A UX Guide: Growing your Mailing List after GDPR

Now that websites can't resort to cheap tricks like prechecked opt-in boxes, it becomes more important than ever for every growth marketer to put their best foot forward. What are the UX best practices to help grow your mailing list? And, in case you missed it, what is GDPR?

GDPR: Consumer Rights First

GDPR marks a modern shift in the way that business can interact with consumers' data. It gives consumers much greater control over their data and when they will be contacted. There is extensive writing on GDPR compliance elsewhere, but a few highlights are that 

  • Pre-ticked opt-in boxes are no longer valid; users must actively give consent by ticking the opt-in box themselves.
  • There should be granular options to consent separately for different types of outreach. Websites can no longer add people to their long-term mailing lists just for requesting a product demo, for instance. There should be separate, unticked options for each.
  • Consent requests must be separate from other terms and conditions. Consent should not be a precondition of signing up to a service unless necessary for that service.
  • It should be clear who is handling users' data. Websites must clearly communicate the names of any third parties who will be relying on consent.
  • Users should be able to have their data removed at their request, and that process should be as easy for the user as it was to sign up in the first place.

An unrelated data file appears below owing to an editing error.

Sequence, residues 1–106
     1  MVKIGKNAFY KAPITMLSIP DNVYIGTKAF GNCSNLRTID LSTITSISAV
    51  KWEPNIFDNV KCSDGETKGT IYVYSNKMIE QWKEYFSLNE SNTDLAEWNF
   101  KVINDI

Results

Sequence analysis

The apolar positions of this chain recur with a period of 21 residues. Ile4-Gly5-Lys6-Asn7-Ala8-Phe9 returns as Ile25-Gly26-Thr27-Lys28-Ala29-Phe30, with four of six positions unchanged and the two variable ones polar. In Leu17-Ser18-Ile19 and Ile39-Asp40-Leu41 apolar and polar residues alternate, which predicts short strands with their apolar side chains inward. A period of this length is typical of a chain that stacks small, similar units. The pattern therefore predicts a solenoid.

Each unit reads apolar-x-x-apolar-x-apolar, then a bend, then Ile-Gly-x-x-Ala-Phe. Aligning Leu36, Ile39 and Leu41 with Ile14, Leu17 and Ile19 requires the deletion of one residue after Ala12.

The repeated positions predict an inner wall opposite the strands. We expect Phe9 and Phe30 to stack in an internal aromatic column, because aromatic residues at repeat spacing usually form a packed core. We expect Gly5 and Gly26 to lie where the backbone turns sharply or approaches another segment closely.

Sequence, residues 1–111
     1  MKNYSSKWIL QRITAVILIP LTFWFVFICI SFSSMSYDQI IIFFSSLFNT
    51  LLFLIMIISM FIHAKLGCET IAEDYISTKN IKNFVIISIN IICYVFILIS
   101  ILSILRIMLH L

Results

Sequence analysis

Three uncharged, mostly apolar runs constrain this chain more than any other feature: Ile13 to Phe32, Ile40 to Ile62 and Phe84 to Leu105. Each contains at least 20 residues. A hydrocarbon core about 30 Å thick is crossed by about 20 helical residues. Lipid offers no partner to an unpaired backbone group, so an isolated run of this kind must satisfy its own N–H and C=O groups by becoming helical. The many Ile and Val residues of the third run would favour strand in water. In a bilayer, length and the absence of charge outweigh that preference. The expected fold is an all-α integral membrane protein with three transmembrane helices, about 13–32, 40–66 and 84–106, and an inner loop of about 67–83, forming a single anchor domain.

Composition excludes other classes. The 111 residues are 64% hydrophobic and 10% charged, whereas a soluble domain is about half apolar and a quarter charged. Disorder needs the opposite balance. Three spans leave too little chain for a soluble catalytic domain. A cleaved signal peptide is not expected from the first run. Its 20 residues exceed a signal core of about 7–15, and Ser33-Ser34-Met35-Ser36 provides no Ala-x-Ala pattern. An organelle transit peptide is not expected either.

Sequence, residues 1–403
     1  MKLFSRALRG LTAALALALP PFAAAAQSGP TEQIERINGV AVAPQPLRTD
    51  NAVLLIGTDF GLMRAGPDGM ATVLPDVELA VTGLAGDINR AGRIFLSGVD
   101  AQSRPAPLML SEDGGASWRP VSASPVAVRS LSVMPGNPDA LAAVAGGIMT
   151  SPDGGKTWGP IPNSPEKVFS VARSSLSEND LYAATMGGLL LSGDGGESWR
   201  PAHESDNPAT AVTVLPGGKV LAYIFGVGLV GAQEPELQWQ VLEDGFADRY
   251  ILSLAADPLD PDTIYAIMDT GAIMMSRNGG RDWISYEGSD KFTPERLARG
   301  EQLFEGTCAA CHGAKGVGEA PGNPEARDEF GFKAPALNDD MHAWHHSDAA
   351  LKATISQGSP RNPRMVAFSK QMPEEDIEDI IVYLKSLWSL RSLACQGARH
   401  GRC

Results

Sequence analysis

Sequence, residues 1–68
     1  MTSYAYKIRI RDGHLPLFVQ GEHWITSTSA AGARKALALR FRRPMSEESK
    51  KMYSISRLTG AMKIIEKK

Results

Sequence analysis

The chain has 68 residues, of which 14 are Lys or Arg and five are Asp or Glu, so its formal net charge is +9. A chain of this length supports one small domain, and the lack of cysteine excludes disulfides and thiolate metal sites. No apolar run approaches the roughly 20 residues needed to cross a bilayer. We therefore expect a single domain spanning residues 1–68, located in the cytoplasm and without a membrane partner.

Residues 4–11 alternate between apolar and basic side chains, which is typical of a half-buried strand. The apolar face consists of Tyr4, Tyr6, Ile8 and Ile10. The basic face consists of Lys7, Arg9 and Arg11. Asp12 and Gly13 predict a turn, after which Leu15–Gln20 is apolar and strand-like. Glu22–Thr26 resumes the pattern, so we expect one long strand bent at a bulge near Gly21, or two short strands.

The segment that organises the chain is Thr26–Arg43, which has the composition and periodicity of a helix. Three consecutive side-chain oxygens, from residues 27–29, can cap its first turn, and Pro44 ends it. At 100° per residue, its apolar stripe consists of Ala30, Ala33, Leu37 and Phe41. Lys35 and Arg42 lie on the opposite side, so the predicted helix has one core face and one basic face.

How does this affect UX?

Granular consent potentially means lots and lots of options to opt-in to. Active consent means more clicks (i.e., work) for the user. Additional details about data handling mean more blocks of text. These changes could easily spell UX disaster. But there's no need for that. Here, are several ways to make your marketing-opt-in better and better (with examples!). Assuming that cheap tricks for opt-in no longer apply (i.e., pre-ticked boxes), your user experience can make or break your funnel.

Use Fewer Fields

More fields mean more work, and more work means fewer sign-ups. You should cut fields whenever possible. However, removing fields will be at odds with GDPR's requirement of granular consent, which requires separate permissions for different kinds of marketing efforts. You should use this as an opportunity to tailor your goals. Do you really need to send them snail mail? Must you have their telephone number? If no, cut it. Throw out the nice-to-haves so that you can have a buttoned-up user experience.